≡ Menu

MagicJack trips on tariff ruling

Remember MagicJack, the USB dongle for your PC that let you make unlimited calls for life?  All you had to do was plug it into a PC, then plug a phone into the dongle, and presto… never pay for phone calls again. Not bad for a measly $39.95.

Unfortunately, maybe the promise of unlimited calls for life was a bit overblown.  You see, it turns out that MagicJack’s business was dependent on charging access termination and origination charges to AT&T for calls that terminated on the device, or calls made to toll free numbers that originated on the device – a pretty similar model to the free conference calling model.  Over the weekend, Andy Abramson spotted a piece on Telecom Law Monitor which reports that the FCC has said that MagicJack’s sister company and the access fee collecting entity, a CLEC named YMAX, had improperly charged AT&T.  The YMAX tariff didn’t provide for the types of charges that they were levying on AT&T, which is a strict no-no.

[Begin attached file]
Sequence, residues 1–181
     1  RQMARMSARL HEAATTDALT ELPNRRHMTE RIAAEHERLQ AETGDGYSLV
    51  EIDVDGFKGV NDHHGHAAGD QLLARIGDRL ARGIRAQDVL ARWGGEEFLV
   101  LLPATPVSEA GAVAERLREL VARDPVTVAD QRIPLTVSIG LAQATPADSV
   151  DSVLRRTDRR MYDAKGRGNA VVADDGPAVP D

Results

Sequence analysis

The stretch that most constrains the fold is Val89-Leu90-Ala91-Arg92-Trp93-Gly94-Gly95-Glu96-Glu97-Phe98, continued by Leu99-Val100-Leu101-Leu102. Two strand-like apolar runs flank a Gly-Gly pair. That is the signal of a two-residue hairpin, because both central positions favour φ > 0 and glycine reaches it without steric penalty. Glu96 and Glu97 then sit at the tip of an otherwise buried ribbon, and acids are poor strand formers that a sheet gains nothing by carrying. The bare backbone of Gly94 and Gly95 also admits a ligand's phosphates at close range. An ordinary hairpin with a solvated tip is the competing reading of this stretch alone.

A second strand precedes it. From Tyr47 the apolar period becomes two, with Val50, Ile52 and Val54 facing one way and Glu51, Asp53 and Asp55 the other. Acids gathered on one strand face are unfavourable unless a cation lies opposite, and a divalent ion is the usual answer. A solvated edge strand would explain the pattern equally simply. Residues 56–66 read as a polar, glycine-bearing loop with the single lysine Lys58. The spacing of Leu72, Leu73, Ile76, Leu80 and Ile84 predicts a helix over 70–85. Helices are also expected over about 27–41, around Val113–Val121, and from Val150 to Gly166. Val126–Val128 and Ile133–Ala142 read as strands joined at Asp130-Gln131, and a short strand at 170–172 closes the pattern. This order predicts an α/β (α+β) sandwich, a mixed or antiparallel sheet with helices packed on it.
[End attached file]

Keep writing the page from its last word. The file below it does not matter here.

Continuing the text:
Outcome:  YMAX will have to file a new tariff, and AT&T doesn’t have to pay the outstanding bill.

The longer term issue, however, is the future of this business model.  The incumbents are all fighting hard to put the free conference callers, and companies like MagicJack, which rely on access termination and origination charges out of business.   And it’s working.  So how long before the FCC simply decides to move to a bill and keep regime?  And how long before MagicJack’s customers launch the inevitable class action suit?

{ 5 comments… add one }

  • Brad Templeton April 13, 2011, 2:06 pm

    Well, in general I disapprove of playing forced tariff games and I would not want to base a long term business model on it. I know you did this for a while with Calliflower but you've switched to more of a paid subscription model so you may have come to this way of thinking. Any time you're using a legal trick to make people pay you more than they want to, it's not going to be sustainable.